#7 Rossford

Rossford sits on the banks of the beautiful Maumee River, just outside of Toledo. It’s another place with a good school system (all older teens have either graduated or are still in school), and it’s also located right next to Owens Community College. Rossford is by far the most affordable community on our top 10 list, as the median housing cost is $931 per month. On the flipside, the median household income for families is lower, too, at $88,571, but that still provides plenty for raising a family comfortably in this area.

#8 Grandview Heights

As far as Columbus suburbs on our list go, Grandview Heights may be thought of as the Goldilocks community. Residents with families earn a median household income of $163,875, which is between that of Bexley and New Albany, the two other Columbus suburbs on our list so far. Grandview Heights is also the closest community to downtown Columbus, which helps with commute times. In fact, the average resident spends just about 17 minutes per day commuting to and from work, the shortest commute time for all the Ohio cities on our top 10 list. Even though residents of Grandview Heights earn more than their Bexley counterparts, housing costs are even lower here, at a median of $1,452 per month.

#9 Springboro

Springboro can trace its roots back to the 1800s, when it was a peaceful Quaker community. Now, Springboro has matured into an area offering a quaint country-like setting with easy access to jobs in nearby Dayton. In the evening, parents can retreat back to the community via a relatively short 23-minute average commute. Families earn a median amount of $125,294 annually and pay median monthly housing costs of $1,366. Unemployment for 25- to 44-year-old residents is just a bit higher here than for some of the other Ohio cities on our list, at 2.3%, but that’s still well below the average for Ohio in general.

#10 Powell

Although Powell is yet another Columbus suburb, there’s a lot more to offer here to keep kids active and engaged. The community sits wedged between the Columbus Zoo and Aquarium, the large Highbanks Metro Park and the nearby Scioto River and its associated riverside parks. Families here earn a good income (the median is $163,161), but housing costs are relatively high at $2,132 per month. Still, even with this high price tag, nearly 98% of families with kids own their own homes. A rather large number of community households (about 51%) also have kids, so there will be plenty of potential pals for your own children.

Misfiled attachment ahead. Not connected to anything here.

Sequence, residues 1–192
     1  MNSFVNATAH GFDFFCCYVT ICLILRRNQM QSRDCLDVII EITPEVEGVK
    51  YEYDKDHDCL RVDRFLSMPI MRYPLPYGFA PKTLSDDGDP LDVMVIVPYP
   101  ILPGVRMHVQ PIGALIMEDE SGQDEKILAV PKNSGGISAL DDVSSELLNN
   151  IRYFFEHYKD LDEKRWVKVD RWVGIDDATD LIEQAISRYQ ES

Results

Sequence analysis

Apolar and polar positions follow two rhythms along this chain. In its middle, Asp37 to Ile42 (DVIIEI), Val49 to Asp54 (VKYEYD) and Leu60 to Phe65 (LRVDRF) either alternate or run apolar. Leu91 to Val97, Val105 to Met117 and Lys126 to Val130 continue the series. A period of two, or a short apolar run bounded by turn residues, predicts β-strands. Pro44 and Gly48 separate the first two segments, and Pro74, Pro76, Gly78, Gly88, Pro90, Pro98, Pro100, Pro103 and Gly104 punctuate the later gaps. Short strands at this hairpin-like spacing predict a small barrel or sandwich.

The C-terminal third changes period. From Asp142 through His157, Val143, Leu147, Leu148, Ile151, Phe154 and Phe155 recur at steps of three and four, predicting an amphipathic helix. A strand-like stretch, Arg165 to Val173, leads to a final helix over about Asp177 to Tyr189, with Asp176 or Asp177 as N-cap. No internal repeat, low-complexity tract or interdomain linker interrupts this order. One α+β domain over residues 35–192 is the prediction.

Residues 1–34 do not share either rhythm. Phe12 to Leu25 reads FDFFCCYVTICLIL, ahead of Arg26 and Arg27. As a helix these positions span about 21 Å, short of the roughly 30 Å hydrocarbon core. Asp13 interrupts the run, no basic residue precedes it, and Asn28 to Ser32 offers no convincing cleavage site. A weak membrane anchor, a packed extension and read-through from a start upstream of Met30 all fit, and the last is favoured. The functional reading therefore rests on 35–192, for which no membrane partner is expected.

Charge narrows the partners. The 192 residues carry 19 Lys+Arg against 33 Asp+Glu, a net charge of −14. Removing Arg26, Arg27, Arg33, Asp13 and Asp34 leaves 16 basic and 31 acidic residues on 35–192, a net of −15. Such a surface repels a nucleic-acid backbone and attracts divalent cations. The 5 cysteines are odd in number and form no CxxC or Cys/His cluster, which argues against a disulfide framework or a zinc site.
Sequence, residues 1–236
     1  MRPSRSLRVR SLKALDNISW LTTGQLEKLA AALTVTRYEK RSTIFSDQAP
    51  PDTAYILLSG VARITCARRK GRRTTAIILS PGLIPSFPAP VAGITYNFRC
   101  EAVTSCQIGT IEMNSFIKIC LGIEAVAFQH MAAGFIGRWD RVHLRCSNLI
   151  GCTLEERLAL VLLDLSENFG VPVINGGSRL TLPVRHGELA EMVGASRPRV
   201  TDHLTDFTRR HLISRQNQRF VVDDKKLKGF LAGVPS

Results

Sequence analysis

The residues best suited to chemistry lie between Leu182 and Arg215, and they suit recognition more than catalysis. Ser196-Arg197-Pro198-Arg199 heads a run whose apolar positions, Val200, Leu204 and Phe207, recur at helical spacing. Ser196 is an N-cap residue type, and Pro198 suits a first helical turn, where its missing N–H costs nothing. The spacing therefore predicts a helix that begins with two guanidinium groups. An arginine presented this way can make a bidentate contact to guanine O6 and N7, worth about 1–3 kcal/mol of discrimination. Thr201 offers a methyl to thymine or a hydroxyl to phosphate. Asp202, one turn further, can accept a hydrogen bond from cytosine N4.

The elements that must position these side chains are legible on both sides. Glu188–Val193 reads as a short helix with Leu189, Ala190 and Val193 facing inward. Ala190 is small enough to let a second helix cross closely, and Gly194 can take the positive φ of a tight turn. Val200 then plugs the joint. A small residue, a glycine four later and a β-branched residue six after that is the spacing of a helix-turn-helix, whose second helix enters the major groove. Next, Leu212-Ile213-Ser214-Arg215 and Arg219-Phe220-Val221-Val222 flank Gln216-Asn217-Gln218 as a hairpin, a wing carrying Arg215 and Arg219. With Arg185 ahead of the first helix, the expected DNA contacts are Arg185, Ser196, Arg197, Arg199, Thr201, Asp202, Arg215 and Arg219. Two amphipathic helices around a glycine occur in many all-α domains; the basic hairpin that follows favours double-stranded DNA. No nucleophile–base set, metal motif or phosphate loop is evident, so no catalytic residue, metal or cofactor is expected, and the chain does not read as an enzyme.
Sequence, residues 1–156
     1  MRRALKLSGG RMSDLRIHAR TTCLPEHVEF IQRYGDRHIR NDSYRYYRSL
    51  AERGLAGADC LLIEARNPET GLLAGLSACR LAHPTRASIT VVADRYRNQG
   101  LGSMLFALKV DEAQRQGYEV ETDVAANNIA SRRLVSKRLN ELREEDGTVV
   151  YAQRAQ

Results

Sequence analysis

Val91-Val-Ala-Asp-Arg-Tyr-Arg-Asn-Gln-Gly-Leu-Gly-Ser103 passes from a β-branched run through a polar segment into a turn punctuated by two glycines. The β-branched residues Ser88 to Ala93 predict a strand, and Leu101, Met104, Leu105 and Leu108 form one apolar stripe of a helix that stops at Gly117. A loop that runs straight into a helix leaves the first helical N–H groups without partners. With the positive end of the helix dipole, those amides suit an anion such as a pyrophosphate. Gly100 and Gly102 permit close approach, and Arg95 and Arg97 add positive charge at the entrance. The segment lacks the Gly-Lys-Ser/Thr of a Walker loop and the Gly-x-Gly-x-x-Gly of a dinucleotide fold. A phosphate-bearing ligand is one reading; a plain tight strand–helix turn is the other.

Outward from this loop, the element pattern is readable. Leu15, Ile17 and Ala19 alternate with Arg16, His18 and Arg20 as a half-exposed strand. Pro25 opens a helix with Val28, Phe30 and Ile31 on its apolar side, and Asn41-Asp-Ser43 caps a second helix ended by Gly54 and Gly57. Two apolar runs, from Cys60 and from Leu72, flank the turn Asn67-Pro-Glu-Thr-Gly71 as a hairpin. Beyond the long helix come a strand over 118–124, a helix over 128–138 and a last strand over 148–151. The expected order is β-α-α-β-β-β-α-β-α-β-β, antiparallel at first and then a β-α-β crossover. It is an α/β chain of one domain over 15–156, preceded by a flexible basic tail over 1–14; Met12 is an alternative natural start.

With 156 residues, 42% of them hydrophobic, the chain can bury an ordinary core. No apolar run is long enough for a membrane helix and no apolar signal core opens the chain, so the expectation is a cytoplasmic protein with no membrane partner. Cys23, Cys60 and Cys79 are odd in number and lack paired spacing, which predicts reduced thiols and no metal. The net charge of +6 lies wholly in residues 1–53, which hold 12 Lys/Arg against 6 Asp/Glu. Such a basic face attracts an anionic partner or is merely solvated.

Understanding the rankings

We chose seven indicators to rank cities and towns with above 5,000 people in the state for how good they are for young families, which were then scored to create an overall ranking of the best places for young families. The seven indicators we used are:

  • Median family income: Money isn’t everything, but a place with high family incomes suggests good job opportunities and a community with more resources.
  • Median monthly housing costs for all households: For families already dealing with new childcare expenses, reasonably affordable housing is important.
  • Homeownership rate of families with children: A high rate indicates homeownership is more common and, perhaps more importantly for a family looking to buy, more practical.
  • Unemployment rate of 25-44 year olds: A low rate indicates the job market is healthy and suggests a higher quality of life, locally. We focused on 25-44 year olds in particular to capture the most common ages for parents of young families.
  • Percentage of 16-19 year olds not enrolled or graduated from high school: To estimate high school graduation rates and therefore school quality, we calculated the percentage of older teenagers who were not in high school yet had no high school degree. This number is not the actual high school dropout rate, but it is well-correlated.
  • Average commute time: Shorter commutes mean less-stressed workers who have more time to spend with their families.
  • Percentage of households that have children: A community with more children means other families have already decided it’s attractive. It also usually means more educational and recreational activities suitable for children and their parents and residents who are concerned about policies that benefit families with kids.

Methodology

Analysts used data from the 2017 5-Year American Community Survey by the U.S. Census. Each of the seven metrics was given a value according to its relative location between the highest and lowest values. The values were then summed and divided by seven for an equal weighting. The analysis was limited to Census-designated places with populations of at least 5,000.